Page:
And that paragraph alone should give you some clue as to how this film is plotted and the density of its plot. Very little of this is explicitly described to you and the film doesn’t seem to care if you catch it all. It’s a live-action comic book, but instead of having these quickly described actions available for you to flip back to in panel form for reference, the film just continues forward. It’s confusing the first time you watch Buckaroo Banzai but also weirdly engaging: you’re so overwhelmed by everything that’s happening that–again, if you’re of a certain mind–it just encourages you to watch it again to catch everything you missed the first time.
Which explains why it was better received on home video, where you actually could watch it again to pick up on everything you may have missed. There’s even a wildly clever meta joke in the third act about this: Buckaroo and one of his Hong Kong Cavaliers pass by a watermelon in a lab; the Cavalier asks Buckaroo why that watermelon’s there, and Buckaroo just says, “I’ll tell you later.” He never tells him–or the audience–later why that watermelon was there, of course. It was revealed by the director of the film, W.D. Richter, that he included the scene to see if the editor was keeping up with continuity; it turns out he wasn’t, but Richter liked the non-sequitur so much that he kept it in anyway.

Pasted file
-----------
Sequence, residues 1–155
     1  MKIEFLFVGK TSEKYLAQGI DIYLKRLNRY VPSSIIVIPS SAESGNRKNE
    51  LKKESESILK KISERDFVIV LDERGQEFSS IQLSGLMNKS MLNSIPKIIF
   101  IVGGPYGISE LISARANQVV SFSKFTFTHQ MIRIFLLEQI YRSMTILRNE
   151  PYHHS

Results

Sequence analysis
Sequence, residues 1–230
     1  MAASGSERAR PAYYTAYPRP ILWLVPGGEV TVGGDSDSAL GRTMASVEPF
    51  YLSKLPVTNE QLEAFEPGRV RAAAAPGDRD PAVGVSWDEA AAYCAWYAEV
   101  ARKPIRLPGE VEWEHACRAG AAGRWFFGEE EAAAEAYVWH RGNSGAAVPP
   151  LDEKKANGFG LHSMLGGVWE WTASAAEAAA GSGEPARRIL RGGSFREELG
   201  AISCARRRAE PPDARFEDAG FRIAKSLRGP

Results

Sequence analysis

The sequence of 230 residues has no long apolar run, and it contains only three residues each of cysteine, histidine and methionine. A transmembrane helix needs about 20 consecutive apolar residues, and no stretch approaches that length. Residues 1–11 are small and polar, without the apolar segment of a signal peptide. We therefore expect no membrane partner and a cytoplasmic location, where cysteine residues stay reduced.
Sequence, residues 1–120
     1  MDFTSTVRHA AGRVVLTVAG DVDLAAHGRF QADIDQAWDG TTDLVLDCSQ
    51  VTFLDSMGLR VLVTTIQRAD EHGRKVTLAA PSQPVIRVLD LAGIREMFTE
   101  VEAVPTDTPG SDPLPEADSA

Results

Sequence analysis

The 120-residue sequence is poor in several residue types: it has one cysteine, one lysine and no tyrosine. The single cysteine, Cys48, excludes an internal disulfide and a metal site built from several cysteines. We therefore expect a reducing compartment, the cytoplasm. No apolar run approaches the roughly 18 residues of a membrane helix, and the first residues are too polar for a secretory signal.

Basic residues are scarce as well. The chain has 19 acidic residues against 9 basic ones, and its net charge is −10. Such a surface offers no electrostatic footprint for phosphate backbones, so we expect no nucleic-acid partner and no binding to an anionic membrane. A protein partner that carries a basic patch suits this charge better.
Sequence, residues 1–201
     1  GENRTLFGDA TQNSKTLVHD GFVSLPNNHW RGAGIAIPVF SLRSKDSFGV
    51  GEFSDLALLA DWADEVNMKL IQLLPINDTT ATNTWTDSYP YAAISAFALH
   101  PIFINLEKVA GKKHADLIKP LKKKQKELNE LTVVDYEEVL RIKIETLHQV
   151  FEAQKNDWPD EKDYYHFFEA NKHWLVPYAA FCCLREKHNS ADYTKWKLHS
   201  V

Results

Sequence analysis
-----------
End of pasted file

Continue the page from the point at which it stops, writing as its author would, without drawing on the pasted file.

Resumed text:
Similarly, The Adventures of Buckaroo Banzai Across the 8th Dimension is a non-sequitur of a film–an oddly shaped piece that doesn’t quite fit into any easy categorization or even approachable format for casual fans of sci-fi films. But that’s also its enduring appeal to the cult film fan: it’s such an odd duck that it can’t helped but be loved by the right audience.
Let the world appropriate all of the quirky corners and once-obscure bits and bobs that were revered and cherished by the nerds and geeks of the world in the past. Turn every Marvel book into a billion-dollar franchise; make 100 Star Wars films; suck the soul out of Star Trek, making it yet another big-budget explosion-heavy blockbuster. As long as I still have Buckaroo Banzai to call my own, that’s enough nerd culture for me to float on.